Redman

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Indiana
I am from the Hoosier state and got in the game before OnX, GPS was not affordable, you had to read a topo map and know how to read a compass. It was solitude back then. Now with technology helping us it takes a lot of the brain power out of the equation and gives a sense of safety albeit falsely attached to technology. People used to think I was crazy going out with a bow and sleeping under a tarp in the middle of nowhere. Now some of these same people are interested in doing the same thing. Some have gone and came back saying they would never do it again. They really don't understand all the hard work involved even with the help of technology. Mountains are still tough and animals are still wanting to survive. I believe many people focus on gear and physical fitness and less on the animals and the skills it takes to find them let alone kill one. I believe the numbers will drop. Many will be hooked which is my hope but more will throw in the towel.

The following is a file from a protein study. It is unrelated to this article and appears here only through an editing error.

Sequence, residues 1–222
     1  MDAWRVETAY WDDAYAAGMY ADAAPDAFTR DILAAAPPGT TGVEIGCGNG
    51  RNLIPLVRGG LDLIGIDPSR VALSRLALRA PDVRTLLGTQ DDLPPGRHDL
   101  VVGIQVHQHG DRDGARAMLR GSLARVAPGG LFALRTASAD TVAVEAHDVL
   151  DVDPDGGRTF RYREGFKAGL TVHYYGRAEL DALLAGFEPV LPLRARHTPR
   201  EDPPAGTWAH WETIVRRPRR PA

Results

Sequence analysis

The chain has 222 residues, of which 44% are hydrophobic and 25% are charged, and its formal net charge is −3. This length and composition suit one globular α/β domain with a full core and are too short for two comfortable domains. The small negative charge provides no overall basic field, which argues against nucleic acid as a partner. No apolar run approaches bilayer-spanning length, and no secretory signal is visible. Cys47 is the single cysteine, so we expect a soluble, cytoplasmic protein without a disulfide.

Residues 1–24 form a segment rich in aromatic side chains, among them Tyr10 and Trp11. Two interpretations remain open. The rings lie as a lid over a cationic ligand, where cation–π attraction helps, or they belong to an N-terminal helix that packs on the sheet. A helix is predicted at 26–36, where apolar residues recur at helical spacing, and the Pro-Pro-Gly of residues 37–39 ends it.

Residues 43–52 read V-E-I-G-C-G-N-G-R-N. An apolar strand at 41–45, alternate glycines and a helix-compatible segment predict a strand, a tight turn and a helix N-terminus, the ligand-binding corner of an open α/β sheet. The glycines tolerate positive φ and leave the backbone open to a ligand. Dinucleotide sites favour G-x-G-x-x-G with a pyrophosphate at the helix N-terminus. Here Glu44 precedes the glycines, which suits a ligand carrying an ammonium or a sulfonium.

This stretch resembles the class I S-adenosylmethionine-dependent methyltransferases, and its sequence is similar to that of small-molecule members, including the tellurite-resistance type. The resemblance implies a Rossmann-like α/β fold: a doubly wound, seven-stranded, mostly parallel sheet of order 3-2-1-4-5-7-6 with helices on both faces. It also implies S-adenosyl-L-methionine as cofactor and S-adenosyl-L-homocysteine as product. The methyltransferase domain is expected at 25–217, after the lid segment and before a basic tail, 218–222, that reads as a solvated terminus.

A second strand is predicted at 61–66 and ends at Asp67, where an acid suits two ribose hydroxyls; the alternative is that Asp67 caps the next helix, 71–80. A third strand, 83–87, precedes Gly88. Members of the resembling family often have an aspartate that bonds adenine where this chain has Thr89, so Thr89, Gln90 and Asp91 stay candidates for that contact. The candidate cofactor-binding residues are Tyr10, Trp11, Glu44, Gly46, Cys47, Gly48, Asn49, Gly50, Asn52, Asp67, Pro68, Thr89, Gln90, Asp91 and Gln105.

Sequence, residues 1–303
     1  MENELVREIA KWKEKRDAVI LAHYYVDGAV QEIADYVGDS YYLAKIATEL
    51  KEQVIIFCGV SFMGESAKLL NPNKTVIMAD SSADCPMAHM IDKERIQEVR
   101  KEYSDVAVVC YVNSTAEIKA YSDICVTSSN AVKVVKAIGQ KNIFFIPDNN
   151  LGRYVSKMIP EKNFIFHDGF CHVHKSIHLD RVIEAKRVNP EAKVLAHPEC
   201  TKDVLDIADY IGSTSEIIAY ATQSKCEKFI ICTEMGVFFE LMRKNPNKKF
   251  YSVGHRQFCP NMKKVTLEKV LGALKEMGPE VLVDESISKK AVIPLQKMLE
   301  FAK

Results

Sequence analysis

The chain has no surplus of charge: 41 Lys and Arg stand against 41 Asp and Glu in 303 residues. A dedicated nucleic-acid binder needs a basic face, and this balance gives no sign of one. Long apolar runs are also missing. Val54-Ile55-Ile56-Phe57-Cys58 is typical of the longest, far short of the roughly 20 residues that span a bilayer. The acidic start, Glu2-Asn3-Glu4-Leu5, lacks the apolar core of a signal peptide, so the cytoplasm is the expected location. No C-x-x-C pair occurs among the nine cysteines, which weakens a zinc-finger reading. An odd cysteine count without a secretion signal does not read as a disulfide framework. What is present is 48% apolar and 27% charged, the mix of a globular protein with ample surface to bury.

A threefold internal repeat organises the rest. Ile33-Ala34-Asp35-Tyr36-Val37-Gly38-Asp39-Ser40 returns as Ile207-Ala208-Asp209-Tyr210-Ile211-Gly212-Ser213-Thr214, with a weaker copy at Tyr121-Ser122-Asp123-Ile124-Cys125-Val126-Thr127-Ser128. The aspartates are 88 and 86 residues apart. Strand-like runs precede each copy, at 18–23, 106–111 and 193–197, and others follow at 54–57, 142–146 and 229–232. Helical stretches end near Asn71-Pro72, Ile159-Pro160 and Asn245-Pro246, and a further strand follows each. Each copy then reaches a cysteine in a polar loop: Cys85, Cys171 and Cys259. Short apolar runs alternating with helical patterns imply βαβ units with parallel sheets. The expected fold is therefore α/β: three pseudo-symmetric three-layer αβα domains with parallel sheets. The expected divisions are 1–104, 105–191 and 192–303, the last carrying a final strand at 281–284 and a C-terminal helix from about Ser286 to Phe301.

Bugle 'Em In

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Aug 13, 2011
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Great State of Montana!
I think now that the "secret" is out on hunting the West and its not as intimidating to get into the game, we are now living the new normal. My guess is that financial might eliminate some, but it was the unknown that kept a lot of people at home in the past. The "dreams" of hunting the West will far outweigh some crappy public land experiences for most people...and as Buzz said...there are some beautiful places to take your gun for a hike in this state.
 

CMF

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Apr 25, 2019
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I hope to see more states requiring tag expenses up front (knowing this would hurt my ability to apply for more states). If you can pay for the tag in June when you draw, you can pay for it in April when you apply, or at least that's my opinion.
Not really, when you're applying for multiple tags for multiple people(wife/kids) with low percentages(<0.1% to 4%), you can only expect to draw one or two, if that, from a couple of dozen applications. That is 20-30k on the line when you only need 1-5k for tags.